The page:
Two and a half seasons into the Rex Ryan era – which is, by the way, one of the most successful stretches in the history of the New York Jets – it seems a little crazy to have to do what I’m about to do.
I need to defend the quarterback.
Because even though the Jets have won 25 of their last 40 regular season games, plus 4 playoff games, a large segment of the media and Jets fan base remains thoroughly unconvinced that Mark Sanchez is capable of leading this team to their ultimate goal of winning the Super Bowl.
The modern NFL fan lives in the Golden Age of Overanalysis. Anyone with a computer can pontificate on a sport that is nearly impossible to reduce to simple and absolute terms. The easiest target for praise and criticism is of course, the quarterback. It is bad enough that ESPN, which sets the agenda for all sports discussion, has declared this “The Year of the Quarterback” and has even devised their own ratings system to try and replace the traditional NFL Passer Rating statistic.
For these reasons, Jets fans have spent the last three years debating Sanchez. So allow me to make it easy for you: Mark Sanchez is indeed more than good enough to lead the Jets to the promised land. You can relax now.
This past Sunday’s game against Buffalo was a microcosm of Sanchez’s career so far. At halftime, there was hysterical panic among Jets fans because of the two costly errors Sanchez made: a drive-killing endzone interception and a botched snap after the Jets’ defense had produced a turnover late in the second half.
However, as he has on numerous occasions throughout his career, Sanchez raised his game in the second half. He led the Jets on four consecutive scoring drives which provided more than enough points to beat the Bills, who were struggling to get yards against a ferocious Jets defense. Outside of the interception, Sanchez was nearly flawless on the day, completing 71% of his passes and firing a laser of a touchdown to Santonio Holmes, the type of throw that proves Sanchez has some pretty impressive raw ability when he puts it all together.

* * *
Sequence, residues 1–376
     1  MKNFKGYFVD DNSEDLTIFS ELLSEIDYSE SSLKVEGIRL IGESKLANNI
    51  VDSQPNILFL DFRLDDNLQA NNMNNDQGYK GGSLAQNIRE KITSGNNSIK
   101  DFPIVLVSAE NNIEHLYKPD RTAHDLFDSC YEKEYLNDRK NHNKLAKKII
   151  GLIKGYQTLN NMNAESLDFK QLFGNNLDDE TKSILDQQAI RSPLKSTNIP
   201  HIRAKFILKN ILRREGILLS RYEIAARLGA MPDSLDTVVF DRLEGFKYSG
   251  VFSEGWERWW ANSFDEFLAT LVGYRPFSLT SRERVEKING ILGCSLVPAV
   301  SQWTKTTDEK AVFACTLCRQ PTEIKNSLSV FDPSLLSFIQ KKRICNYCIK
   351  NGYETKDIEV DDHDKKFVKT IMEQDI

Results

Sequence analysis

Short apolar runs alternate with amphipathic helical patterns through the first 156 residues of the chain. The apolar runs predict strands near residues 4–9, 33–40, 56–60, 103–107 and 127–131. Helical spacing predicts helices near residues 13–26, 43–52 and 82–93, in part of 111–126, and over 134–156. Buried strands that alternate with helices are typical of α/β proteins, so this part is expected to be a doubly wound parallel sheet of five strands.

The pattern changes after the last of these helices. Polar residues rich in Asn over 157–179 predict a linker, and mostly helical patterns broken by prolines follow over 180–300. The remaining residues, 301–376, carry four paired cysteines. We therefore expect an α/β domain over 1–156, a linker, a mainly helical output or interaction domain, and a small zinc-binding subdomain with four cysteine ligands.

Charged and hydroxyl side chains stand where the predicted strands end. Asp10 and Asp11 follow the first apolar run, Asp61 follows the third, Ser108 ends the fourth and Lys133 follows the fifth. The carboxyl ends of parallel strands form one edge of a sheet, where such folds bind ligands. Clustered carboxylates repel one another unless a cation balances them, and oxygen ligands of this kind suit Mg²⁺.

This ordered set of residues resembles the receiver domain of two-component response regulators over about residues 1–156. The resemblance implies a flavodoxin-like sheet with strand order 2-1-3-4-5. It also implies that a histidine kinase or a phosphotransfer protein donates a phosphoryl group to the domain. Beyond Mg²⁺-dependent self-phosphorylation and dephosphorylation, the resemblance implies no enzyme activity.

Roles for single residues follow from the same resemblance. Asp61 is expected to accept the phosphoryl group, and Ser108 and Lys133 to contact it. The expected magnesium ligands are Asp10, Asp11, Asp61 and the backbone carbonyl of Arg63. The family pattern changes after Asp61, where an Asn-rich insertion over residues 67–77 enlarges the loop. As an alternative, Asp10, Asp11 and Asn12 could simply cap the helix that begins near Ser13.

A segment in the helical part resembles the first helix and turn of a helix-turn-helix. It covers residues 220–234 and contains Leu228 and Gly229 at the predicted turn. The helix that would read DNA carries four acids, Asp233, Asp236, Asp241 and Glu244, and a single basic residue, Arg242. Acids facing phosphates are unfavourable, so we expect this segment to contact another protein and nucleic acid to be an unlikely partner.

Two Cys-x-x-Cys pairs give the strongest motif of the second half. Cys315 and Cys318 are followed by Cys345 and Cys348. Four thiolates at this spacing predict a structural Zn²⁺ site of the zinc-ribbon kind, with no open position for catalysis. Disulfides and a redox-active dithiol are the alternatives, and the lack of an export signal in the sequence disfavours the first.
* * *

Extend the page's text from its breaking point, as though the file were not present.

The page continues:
And that’s really the key with the Sanchez debate: the when. In this age of instant gratification, fans are tired of hearing the argument that he’s young and still developing. But the truth is that he is. He’s 24 years old. Some perspective: Aaron Rodgers, the “Elite (there’s that damn word again) Quarterback Du Jour” didn’t start an NFL game until his age 25 season. By the way, the Packers went 6-10 in Rodgers’ first season.
Really, Sanchez never needs to be Aaron Rodgers, or Drew Brees, or Peyton Manning. He just needs to be the best possible version of himself. The version that shows up in big games and in the playoffs. The version that outplayed the best – Tom Brady – in Foxboro last January, giving Jets fans their most memorable and important victory since Super Bowl III.
Here’s the thing though: he’s going to make more mistakes. I hate to break that to you, but it is true. He’s going to have more bad games. To expect that he’s not, is foolish. What should comfort every Jets fan is that this is true of every single quarterback in the league, Aaron Rodgers and Tom Brady (who, by the way, has thrown 10 interceptions this season; Sanchez has thrown 7) included. Mistakes and interceptions happen. That’s just football.
And so, we need to be fair to Sanchez, which I don’t think a lot of people have been. Every bad throw cannot be a referendum on his career. Instead, look at his statistical progress. Look at his performance in important games. Look at the team’s record since 2009. Most importantly, look at his youth and the fact that the Jets have stability at the most important position for the first time in a long time. Look at some of the other teams in the NFL, who are currently quarterbacked by guys named Beck/Grossman, Jackson, Moore, McCoy, Painter, Gabbert, Tebow, Ponder and Skelton.
Wouldn’t you rather have Mark Sanchez? I know I would.